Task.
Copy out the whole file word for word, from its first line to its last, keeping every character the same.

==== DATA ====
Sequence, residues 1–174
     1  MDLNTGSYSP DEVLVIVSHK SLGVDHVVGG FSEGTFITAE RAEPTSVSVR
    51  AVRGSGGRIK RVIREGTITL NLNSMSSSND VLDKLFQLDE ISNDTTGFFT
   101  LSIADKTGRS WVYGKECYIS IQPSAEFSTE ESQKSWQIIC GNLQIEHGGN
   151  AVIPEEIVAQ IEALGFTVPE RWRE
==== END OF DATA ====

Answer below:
Sequence, residues 1–174
     1  MDLNTGSYSP DEVLVIVSHK SLGVDHVVGG FSEGTFITAE RAEPTSVSVR
    51  AVRGSGGRIK RVIREGTITL NLNSMSSSND VLDKLFQLDE ISNDTTGFFT
   101  LSIADKTGRS WVYGKECYIS IQPSAEFSTE ESQKSWQIIC GNLQIEHGGN
   151  AVIPEEIVAQ IEALGFTVPE RWRE